Beware. Which web browser should you use when booking your travels?

Different web browsers and different computers will yield very different results if you are booking accommodation online or even flights.

Scenario and why to Beware the Web Browser you use

We were looking for a hotel to book for a two-night stay in San Francisco. I found a hotel using my Mac air and using Safari as my web browser. Gordon sat by my side and looked at the same hotel through the same booking site. He was on an iPad and using the app. He then went in and used his PC and Internet Explorer. We received 3 different rates. Not a dollar here, or a dollar there, but a significant price difference. So we started experimenting. We saw huge differences.

So we started researching, and here is one little gem that we found. According to Orbitz, “Mac users make more money and are interested in fancier hotels” which, apparently accounts for why the price that I had found was significantly more expensive than what Gordon had found using a PC and Internet Explorer.

The funny thing is that his iPad and the booking sites app was cheaper still. An iPad is a Mac so it must be that Internet Explorer is the go-to site for poorer people. Perhaps.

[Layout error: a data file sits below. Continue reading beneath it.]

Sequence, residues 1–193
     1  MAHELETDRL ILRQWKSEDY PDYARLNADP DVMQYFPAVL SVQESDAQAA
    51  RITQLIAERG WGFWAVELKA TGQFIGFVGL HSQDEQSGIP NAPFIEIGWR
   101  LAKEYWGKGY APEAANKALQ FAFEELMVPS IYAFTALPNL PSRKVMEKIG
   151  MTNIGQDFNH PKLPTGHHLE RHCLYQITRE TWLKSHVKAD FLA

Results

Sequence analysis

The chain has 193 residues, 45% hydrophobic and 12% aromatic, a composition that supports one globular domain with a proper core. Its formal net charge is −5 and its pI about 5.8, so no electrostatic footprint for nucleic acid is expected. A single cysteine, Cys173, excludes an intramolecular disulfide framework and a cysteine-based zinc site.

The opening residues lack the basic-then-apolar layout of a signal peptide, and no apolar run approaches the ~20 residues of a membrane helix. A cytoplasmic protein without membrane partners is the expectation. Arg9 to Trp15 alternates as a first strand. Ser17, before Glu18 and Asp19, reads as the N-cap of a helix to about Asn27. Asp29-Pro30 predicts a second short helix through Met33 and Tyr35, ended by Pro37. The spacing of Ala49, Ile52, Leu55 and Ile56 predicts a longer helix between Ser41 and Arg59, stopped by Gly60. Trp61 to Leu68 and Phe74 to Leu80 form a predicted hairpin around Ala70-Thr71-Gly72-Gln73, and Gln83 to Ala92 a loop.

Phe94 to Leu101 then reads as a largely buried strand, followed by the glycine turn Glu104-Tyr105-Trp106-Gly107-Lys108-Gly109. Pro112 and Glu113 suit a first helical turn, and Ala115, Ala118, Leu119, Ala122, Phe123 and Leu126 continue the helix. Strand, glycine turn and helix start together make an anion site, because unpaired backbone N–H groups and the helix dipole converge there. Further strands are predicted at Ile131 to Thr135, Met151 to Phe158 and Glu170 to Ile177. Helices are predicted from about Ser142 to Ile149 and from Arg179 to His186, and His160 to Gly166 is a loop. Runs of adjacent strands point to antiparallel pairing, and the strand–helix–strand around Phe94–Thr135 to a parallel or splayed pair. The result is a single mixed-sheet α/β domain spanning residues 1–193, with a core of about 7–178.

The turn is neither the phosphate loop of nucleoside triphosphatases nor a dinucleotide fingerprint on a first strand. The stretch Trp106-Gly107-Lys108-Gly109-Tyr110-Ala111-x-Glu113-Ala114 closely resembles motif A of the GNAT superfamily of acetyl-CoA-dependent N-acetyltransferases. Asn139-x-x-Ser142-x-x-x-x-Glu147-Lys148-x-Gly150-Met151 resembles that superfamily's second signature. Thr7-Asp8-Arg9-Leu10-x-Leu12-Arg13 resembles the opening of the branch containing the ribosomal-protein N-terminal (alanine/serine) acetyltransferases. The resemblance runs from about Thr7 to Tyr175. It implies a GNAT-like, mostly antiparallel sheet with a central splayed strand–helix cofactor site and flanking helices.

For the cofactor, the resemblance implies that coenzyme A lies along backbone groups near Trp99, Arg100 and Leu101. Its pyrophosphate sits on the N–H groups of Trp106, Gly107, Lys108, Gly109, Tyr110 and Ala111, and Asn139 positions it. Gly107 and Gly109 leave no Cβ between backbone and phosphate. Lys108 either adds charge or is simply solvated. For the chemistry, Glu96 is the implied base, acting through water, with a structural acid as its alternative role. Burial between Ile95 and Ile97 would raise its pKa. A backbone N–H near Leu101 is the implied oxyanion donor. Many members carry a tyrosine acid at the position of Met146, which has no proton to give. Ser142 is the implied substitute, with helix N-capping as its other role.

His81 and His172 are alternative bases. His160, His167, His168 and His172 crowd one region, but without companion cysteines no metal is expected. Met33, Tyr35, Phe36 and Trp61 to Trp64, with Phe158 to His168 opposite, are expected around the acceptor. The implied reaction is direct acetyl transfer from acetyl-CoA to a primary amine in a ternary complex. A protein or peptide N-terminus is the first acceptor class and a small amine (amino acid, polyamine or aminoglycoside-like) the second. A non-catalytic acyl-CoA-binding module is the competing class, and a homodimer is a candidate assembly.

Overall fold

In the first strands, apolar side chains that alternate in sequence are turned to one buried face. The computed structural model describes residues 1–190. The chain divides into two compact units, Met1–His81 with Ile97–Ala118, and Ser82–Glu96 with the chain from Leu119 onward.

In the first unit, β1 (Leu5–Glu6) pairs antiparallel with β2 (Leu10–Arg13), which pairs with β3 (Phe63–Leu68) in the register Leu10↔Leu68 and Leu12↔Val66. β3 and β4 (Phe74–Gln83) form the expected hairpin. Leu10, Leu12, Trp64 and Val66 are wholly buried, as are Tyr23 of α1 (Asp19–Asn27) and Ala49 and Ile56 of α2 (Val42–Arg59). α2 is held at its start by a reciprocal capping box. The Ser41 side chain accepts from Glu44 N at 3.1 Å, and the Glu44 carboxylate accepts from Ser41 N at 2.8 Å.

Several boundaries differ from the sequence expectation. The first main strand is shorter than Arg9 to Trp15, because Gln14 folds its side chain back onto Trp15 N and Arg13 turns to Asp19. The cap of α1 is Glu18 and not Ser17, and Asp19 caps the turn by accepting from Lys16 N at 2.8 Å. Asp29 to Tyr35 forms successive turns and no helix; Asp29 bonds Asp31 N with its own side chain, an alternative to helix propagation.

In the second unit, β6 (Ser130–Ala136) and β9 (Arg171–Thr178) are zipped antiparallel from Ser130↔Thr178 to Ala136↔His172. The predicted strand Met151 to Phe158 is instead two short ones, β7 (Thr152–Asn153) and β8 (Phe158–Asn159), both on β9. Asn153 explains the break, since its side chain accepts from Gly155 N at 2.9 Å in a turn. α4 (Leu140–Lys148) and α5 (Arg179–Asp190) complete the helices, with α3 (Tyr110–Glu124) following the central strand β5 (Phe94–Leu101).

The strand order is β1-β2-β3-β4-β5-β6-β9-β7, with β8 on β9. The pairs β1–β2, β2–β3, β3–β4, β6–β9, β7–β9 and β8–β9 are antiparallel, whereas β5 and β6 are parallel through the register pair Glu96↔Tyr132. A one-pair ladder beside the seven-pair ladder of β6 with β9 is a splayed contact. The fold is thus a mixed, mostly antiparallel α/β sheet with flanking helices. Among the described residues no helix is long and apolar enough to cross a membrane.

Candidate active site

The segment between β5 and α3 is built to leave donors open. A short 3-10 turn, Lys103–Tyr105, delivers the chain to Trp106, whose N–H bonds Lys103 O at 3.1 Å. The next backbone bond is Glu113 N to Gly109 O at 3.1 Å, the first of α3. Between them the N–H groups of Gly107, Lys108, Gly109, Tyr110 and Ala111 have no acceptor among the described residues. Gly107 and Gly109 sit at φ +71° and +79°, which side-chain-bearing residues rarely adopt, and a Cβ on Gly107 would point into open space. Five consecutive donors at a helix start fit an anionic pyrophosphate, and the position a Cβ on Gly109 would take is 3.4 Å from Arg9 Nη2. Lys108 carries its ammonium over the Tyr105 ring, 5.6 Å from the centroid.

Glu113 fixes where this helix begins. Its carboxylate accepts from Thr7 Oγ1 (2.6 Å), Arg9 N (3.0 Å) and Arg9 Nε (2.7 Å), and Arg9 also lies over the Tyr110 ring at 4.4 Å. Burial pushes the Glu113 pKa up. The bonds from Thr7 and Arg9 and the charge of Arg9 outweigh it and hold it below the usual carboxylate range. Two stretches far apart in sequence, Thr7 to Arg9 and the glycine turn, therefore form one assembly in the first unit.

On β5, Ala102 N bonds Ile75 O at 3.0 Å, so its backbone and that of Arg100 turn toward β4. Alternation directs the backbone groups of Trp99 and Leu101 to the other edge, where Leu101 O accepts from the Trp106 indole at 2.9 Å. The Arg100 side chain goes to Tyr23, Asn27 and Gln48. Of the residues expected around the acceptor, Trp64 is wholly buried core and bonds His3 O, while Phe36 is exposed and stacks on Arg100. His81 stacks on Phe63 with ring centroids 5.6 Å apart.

The Disparity of the Web Browser You Use

Apparently if you use a Mac air you are richer and yuppier than a PC user, so can afford to pay more. If you use Safari, you are similarly seen as able to pay a higher price. If you use Internet cheap cialis online canada Explorer, and a PC apparently you need all of the help that you can get.

So we started playing and mixing the web browsers up. Chrome and PC, Chrome and Mac, Mozilla Firefox and PC, Mozilla Firefox and Mac, Safari and PC and Safari and Mac. All different. But then something amazing started to happen. The prices were starting becoming more similar.

 

Why was this so?

Because the internet knew what we were up to. They knew that we kept searching the same hotel, the same date, the same ISP (they knew where we lived). So we emptied the cache on each computer and the disparity in the process started to appear again. Then we cleared to cookies, and again we saw differences again. The prices were getting cheaper.

 

So, which web browser should you use?

  1. Don’t use a Mac and Safari to book anything.
  2. Enable private browsing where possible. Stop travel booking sites from tracking your visits and raising the prices because you’ve visited before.
  3. Clear cookies so that they are unaware that you are trying to book anything.
  4. Your browser of choice can influence what you pay online so Internet Explorer seems to yield the lowest prices.

 

Now time for a game,

“Finally, Amazon customers can typically get a better deal if they put something in their cart and then abandon it before the final purchase, as I mentioned earlier for the travel sites. That usually signals to Amazon that you’re willing to walk away and triggers a lower price the next time you put it in your cart to checkout.” From Clarke Howard